I was a monster Pretenders fan back in the day. Their first album, Pretenders, is in the running for the greatest debut album ever. Its great rock and roll, with brilliant songwriting, sly and lovely melodies, ALL belied by the raucous punk production. It was the first album I ever saw that had the words PLAY LOUD on the cover. Now that’s a recording ethos I can get into.
If you have even the slightest doubt that their under-rated melody was the secret sauce of the Pretenders, check out the live acoustic album Isle of View recorded with a string quarter backing the Hynde instead of electric guitars and bass. Its just brilliant.
Yeah, I had a crush on her — I loved her rawness, the way she moaned Hmmmm, how she spat out lyrics, both plaintive (No, I’ll never feel Like a man in a man’s world) and nasty (I shot my mouth off, and you showed me what that hole was for). The power trio behind her was killer, and they could play soft if they wanted to (See Lovers of Today, or their cover of Ray Davie’s Stob Your Sobbing, both on the debut album). Hynde’s voice could range from tough as nails to crushingly vulnerable; her unique phrasing perfectly fit the music she crafted. Musically, everything about The Pretenders just worked.
I’ve always wanted to see a bio pic of the Pretenders, with Gina Gershon cast as Chrissie Hynde. Not me, baby, I’m too precious, I had to fuck off.
Soundcloud has two full songs, plus Chrissie discussing how the album came about (below).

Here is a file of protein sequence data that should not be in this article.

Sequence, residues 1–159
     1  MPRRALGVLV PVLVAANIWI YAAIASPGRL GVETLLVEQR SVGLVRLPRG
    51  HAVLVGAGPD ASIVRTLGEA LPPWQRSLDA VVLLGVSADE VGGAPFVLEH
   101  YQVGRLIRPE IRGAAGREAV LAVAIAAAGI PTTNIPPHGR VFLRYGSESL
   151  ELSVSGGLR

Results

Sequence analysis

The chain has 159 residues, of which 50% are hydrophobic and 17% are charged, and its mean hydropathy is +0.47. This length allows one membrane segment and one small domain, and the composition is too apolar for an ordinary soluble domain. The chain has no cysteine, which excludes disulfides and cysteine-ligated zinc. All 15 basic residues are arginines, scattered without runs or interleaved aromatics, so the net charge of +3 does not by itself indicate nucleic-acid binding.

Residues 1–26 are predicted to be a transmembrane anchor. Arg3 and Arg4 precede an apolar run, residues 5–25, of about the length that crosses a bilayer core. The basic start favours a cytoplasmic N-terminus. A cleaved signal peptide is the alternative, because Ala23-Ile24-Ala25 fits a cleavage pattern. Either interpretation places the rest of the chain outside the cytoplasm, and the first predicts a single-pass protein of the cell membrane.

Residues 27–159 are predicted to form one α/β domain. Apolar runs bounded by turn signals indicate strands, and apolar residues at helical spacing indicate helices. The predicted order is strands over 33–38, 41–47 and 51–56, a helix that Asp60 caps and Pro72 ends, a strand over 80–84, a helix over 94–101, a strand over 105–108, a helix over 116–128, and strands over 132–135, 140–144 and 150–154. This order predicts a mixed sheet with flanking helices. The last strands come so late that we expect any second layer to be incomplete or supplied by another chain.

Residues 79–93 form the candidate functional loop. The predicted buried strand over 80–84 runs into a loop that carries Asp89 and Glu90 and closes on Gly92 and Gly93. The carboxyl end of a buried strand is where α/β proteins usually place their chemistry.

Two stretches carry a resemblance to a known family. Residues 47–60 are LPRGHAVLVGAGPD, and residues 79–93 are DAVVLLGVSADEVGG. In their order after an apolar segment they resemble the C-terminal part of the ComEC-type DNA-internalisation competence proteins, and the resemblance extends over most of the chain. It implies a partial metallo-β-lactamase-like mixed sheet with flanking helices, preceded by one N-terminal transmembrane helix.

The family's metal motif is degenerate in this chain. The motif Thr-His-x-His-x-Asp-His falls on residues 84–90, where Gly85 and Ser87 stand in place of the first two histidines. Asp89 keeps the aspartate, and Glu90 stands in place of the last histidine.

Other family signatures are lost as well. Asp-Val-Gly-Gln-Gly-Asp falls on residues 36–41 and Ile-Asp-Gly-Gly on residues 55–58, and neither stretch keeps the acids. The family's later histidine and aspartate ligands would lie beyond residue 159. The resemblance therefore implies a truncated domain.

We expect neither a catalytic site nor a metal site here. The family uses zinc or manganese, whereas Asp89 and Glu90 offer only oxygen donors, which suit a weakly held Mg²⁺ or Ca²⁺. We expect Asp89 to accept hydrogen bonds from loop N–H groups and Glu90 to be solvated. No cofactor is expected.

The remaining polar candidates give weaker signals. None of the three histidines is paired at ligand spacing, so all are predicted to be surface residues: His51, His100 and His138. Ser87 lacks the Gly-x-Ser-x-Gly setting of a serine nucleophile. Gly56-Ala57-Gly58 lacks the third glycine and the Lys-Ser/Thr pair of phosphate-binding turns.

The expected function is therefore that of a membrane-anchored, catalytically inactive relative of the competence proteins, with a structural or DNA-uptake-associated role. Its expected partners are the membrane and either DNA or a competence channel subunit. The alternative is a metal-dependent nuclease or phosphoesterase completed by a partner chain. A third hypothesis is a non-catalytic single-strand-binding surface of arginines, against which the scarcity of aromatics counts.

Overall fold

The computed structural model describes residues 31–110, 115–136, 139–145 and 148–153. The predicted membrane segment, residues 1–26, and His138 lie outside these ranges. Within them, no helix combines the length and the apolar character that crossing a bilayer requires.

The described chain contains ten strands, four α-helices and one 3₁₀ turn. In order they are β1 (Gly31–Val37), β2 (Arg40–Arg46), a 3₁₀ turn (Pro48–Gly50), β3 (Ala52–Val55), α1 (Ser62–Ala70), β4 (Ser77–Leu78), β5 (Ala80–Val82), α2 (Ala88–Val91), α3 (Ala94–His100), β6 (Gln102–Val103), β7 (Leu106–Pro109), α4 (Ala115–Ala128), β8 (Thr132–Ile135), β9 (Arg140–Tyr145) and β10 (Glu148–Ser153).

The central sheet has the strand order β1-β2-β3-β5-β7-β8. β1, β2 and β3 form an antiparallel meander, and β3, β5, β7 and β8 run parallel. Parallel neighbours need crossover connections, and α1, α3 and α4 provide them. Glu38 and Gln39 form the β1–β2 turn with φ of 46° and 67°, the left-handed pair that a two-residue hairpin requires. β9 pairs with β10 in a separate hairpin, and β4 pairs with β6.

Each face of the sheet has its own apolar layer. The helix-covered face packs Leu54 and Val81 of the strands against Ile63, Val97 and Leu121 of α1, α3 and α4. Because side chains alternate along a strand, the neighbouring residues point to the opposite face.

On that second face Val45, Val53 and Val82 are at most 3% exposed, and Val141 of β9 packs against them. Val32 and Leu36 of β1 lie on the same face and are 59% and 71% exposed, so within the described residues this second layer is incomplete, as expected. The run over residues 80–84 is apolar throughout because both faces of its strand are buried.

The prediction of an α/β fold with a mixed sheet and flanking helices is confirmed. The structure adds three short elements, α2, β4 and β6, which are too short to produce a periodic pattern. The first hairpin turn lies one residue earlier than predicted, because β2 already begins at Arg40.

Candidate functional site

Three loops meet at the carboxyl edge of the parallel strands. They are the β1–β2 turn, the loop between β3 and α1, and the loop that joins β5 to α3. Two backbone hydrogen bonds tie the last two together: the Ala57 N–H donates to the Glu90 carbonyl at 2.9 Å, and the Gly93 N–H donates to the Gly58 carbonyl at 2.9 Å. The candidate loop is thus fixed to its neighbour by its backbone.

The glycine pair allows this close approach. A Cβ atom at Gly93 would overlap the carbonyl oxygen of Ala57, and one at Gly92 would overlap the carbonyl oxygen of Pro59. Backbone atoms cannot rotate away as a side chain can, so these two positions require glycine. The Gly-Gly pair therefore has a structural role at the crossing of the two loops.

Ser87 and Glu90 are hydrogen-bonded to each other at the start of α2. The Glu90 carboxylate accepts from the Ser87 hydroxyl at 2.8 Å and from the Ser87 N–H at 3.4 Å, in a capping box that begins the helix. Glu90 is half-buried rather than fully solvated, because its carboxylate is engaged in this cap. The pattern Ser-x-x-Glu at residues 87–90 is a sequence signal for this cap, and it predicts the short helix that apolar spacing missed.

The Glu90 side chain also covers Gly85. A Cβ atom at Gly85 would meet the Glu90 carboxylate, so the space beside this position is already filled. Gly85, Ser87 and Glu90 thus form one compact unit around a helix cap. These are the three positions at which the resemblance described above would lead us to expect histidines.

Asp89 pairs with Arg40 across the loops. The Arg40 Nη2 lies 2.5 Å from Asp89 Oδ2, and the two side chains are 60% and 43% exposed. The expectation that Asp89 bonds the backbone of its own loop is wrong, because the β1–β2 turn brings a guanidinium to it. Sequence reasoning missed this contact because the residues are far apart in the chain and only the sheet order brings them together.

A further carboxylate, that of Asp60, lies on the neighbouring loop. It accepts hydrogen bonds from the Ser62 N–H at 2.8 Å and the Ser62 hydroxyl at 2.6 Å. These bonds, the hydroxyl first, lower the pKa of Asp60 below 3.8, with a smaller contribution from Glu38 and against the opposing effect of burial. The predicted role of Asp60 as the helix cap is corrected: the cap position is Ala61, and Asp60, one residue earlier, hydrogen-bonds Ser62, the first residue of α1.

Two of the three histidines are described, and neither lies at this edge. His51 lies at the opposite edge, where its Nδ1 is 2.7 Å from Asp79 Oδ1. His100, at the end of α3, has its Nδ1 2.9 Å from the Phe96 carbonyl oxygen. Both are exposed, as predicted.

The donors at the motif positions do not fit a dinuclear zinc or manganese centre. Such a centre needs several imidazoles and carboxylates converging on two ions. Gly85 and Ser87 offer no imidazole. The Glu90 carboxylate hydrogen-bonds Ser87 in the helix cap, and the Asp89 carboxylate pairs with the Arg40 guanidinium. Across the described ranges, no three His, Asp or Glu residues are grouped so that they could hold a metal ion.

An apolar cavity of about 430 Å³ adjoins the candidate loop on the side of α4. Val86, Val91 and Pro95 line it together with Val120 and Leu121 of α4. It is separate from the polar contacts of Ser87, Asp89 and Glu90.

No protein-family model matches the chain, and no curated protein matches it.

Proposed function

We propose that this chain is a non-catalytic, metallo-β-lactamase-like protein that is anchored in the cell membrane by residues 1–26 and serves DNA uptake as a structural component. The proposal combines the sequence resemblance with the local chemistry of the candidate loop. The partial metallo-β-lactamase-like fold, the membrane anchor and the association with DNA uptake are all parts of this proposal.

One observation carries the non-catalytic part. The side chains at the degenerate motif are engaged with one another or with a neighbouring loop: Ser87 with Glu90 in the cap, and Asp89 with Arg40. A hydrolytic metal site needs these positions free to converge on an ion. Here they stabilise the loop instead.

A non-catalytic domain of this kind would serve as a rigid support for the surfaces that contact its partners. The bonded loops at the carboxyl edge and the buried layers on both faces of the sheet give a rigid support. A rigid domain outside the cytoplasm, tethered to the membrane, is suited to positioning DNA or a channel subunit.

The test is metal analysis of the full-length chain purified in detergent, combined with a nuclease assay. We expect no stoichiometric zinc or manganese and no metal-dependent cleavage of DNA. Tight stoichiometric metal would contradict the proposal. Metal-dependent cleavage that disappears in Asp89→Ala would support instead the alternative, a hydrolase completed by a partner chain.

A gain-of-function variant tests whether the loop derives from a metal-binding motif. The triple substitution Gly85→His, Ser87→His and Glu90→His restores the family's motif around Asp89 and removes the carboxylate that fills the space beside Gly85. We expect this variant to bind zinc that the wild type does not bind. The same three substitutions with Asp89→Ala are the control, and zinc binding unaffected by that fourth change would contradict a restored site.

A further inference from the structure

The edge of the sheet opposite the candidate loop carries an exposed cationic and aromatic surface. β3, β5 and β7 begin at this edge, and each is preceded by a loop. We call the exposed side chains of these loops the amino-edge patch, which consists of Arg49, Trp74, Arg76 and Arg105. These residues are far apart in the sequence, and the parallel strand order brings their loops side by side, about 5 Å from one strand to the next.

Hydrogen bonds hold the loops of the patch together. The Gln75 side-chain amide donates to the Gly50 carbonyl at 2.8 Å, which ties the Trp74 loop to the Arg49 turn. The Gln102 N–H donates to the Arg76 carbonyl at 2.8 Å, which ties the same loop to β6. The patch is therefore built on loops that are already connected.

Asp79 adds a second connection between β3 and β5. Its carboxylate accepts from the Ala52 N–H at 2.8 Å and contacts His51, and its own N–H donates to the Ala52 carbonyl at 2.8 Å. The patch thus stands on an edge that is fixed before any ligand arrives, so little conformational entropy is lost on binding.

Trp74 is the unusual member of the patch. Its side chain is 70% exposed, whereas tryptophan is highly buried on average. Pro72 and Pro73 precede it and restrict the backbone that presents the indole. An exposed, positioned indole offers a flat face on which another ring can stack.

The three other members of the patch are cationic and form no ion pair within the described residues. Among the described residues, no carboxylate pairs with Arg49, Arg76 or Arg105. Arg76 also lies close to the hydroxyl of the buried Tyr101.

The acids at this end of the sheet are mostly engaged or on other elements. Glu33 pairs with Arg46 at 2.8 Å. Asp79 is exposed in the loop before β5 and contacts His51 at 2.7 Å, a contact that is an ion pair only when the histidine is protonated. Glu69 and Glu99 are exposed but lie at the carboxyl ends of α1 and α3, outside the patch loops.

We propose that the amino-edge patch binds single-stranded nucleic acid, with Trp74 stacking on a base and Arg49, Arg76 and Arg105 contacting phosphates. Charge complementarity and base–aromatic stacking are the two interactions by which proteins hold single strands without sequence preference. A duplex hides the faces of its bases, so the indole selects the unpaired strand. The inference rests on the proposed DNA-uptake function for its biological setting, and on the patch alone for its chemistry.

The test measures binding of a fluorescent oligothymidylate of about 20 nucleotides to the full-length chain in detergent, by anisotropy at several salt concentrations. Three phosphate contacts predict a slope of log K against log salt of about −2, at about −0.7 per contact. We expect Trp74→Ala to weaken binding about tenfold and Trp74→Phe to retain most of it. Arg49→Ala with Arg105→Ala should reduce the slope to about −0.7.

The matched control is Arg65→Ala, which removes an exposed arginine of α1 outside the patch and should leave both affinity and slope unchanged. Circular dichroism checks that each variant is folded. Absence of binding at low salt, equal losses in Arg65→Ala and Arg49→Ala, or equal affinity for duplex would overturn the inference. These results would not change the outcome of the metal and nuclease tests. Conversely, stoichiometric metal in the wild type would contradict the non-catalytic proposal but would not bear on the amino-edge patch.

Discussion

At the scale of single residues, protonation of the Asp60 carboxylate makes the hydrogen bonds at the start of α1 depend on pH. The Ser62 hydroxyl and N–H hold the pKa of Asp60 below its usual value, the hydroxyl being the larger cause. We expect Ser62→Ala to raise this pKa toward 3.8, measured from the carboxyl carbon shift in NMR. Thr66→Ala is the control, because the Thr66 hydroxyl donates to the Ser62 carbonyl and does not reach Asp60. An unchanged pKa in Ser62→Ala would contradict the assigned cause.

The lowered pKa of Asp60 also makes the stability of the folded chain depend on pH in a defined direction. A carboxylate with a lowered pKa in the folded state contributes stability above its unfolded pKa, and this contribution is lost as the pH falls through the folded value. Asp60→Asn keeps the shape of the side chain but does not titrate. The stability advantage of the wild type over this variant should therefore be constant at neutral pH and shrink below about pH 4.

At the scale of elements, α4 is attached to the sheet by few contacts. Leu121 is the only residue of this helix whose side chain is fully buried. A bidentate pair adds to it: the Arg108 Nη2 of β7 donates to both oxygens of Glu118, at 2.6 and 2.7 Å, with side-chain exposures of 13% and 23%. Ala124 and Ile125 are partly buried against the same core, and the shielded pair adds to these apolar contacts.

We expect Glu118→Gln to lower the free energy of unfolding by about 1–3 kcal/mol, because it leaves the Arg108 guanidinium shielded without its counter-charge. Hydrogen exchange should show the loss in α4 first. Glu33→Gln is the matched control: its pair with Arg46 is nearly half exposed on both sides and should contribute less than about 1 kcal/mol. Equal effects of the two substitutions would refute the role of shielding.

You or No One
Her website is at Chrissiehynde.com
Stream full album at Soundcloud
Review of Stockholm by The Guardian
Chrissie Hynde, Minus the Pretenders (NYT)
Back when music didn’t require autotune: “In late 1968, Led Zeppelin began pioneering a heavier, more metallic-sounding form of rock geared for FM radio’s new album-oriented stereo format. By combining a slashing electric guitar and wailing vocals with a rhythmic bass and locomotive drums, the band quickly became the darlings of better stereo systems and…Read More
Spotify playlist Hit play to listen as you read Brian Wilson gets all the respect and Jan Berry’s been forgotten and I’m gonna try to rectify that right now. “THE LITTLE OLD LADY (FROM PASADENA)” Because it’s the one you know. When I first heard this in the summer of ’64 I had no…Read More
Click to listen to playlist on Spotify The best band you’ve never heard. It matters what label you’re on, and whether you’re a priority. And being on RCA left the Silencers not a priority and with no career, as the label was in transition. But the only records I played more in the nineties…Read More
Jimmy Fallon’s crew put together a series of monster edits of NBC nightly news anchor Brian Williams, turning him into a rapper. The results were hilarious — see the mashup of raps after the jump — but it also resulted in Williams showing up on Fallon for an interview.
Here is the interview with
Rap Master B Videos after the jump
NBC Nightly News managing editor and anchor Brian Williams talks to Jimmy about life after the world discovered his rapping abilities.
Brian Williams Addresses His Rapping — Part 1
Brian Williams Addresses His Rapping — Part 2
In this “Sunday Morning” preview Grammy Award-winning musician and producer Pharrell Williams gives credit to his high school band teachers for helping him get to where he is today, and tells Anthony Mason that while growing up, his life was filled with special people. (CBS)
He is an interesting and humble guy:
“My story is the average story”
April 12, 2014
More interview videos and Get Happy after the jump